“As for me,” said American writer E.B. White, “I enjoy living among pedestrians who have an instinctive and habitual realization that there is more to a journey than the mere fact of arrival.”(1)
Under typical circumstances, the beloved author of Charlotte’s Web would not have presented me with much pause here. The pause of agreement, yes, for his is the kind of thought with which I deeply resonate. Particularly in the segments of life where we are comfortable with our divided realms, we lamentably fail to see the great gift of the collective whole. Much to our own detriment, the end triumphs over means, destination over the journey, heaven is removed from earth, the spiritual from the physical, the present from the eternal. White’s words fit aptly upon any soapbox addressing the gift of a journey, the miracle of the ordinary, the need for an undivided life—head and heart, journey and arrival. Or indeed, the paradox of a kingdom that is both present and approaching, a kingdom found both along the way and in our final arrival. In the mysterious kingdom Jesus espoused, the journey toward it is not a matter of merely arriving one distant day at the gates of pearl, but rather finding the pearl of great price in our midst even now and seizing it for all eternity. Under typical circumstances, I would have enlisted E.B. White’s voice in one of my favorite sermons and kept moving.
But I read this quote as I watched live coverage of 33 Chilean miners emerging from a two-month journey of being trapped beneath the earth. For them, the journey was indeed astounding, but the arrival was everything.
Over seventy years ago from a pulpit in London, Dietrich Bonhoeffer described the image of a man trapped after a mining disaster: Deep in the earth, dark as night, the man is cut off and alone. The supply of oxygen is limited. Food, water, and options are scarce; silence and fear are not. He knows his situation, and he can do nothing but wait. Writes Bonhoeffer, “He knows that up there, the people are moving about, the women and children are crying—but the way to them is blocked. There is no hope.”(2) But what if just then, in the distance, the sounds of tapping are heard—the sound of knocking, the sound of friends, the sounds of drills, rescue capsules, and deliverance? This, said Bonhoeffer in December of 1933, is the hope of the Incarnation: the coming of a deliverer, the drawing near of God to humankind, the arrival of Christ our rescuer in flesh like ours. Like the Chilean miners, elated at the arrival of Manuel Gonzalez, the rescuer sent 2,040 feet underground to coordinate the procedure, Christ’s arrival into our dark world matters most profoundly. His descent assures our ascent, his vicarious humanity ever changes the possibilities of our own.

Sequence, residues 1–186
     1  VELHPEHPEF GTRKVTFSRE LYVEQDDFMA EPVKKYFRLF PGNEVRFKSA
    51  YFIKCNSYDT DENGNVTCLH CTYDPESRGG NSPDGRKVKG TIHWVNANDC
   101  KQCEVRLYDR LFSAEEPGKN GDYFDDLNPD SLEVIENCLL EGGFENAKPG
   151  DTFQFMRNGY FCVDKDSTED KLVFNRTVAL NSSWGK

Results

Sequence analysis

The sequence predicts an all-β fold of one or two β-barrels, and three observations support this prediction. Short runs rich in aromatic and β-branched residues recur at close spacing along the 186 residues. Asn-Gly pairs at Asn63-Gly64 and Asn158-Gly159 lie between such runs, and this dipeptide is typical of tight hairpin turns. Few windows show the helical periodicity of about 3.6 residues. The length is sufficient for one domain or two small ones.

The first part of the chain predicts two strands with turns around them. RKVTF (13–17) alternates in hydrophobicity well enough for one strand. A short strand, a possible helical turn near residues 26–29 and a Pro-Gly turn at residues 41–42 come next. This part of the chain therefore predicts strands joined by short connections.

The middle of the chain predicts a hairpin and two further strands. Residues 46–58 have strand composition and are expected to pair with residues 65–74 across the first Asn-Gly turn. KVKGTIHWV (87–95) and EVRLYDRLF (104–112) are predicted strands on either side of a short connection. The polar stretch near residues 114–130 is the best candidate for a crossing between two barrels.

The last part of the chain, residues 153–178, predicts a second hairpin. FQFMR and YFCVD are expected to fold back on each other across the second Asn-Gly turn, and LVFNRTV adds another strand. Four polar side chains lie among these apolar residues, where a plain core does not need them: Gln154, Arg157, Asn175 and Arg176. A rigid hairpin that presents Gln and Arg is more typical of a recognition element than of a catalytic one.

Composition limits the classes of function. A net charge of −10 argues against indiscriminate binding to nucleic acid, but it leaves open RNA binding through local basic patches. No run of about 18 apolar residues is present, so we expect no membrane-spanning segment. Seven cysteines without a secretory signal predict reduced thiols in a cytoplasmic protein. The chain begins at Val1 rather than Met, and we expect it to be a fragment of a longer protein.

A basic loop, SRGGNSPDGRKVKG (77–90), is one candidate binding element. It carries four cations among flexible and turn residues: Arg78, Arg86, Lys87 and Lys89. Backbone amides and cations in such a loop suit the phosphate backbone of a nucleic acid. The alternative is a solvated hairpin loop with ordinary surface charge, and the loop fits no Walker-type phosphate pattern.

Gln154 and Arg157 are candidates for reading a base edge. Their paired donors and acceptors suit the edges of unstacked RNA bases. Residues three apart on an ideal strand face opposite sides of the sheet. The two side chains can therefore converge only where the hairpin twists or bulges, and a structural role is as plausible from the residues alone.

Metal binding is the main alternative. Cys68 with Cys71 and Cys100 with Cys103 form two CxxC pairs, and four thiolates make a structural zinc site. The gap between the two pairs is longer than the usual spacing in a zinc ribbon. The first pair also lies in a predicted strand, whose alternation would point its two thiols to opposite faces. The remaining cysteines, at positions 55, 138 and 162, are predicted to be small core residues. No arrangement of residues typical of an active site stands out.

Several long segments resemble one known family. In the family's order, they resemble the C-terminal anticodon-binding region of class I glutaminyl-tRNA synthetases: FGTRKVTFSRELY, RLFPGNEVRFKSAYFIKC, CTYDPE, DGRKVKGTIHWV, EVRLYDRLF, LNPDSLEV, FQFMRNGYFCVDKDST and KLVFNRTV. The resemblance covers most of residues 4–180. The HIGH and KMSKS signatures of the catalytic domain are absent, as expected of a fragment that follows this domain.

But his arrival is not the end of our waiting. The journey continues. “Can and should there be anything else more important for us than the hammers and blows of Jesus Christ coming into our lives?” asks Bonhoeffer.(3) Indeed, no. The Incarnation of the Son of God teaches us how to wait and to watch, how to experience the journey expectantly, though we remain in the dark, though we find ourselves impatient pedestrians anxious for new scenery. We learn to be pedestrians bent on arrival, but alert on the journey nonetheless: “When these things begin to take place,” instructs Christ, “stand up and lift up your heads, because your redemption is drawing near” (Luke 21:28).
The world is of course still dark and lonely. But in it every day and each new year is the startling hope of a rescuer in our midst with whom we share our humanity. “There are actually 34 of us,” wrote Jimmy Sanchez from underground, who at 19 years old was the youngest trapped miner, “because God has never left us down here.”(4) The signs and sounds of this hope are all around: sounds of God’s reign in unexpected places; signs of Christ in fellow pedestrians; the sounds of saints who have gone before us, and now stand on the solid surface of our hope.
The story of Christianity is a journey of arrivals—of Christ’s arrival. And it is this storied mystery we are invited to proclaim: Christ has arrived. Christ is among us. Christ will come again.
(1) E.B. White, One Man’s Meat (Gardiner, Maine: Tilbury House Publishers, 1997), 108.
(2) Dietrich Bonhoeffer, Christmas Sermons (Grand Rapids: Zondervan, 2005), 89.
(3) Ibid., 96.
(4) Tim Padgett, “Chile’s Mine Rescue: Media Circus and Religious Revival,” Time Online, October 12, 2010, http://www.time.com/, accessed October 19, 2010.
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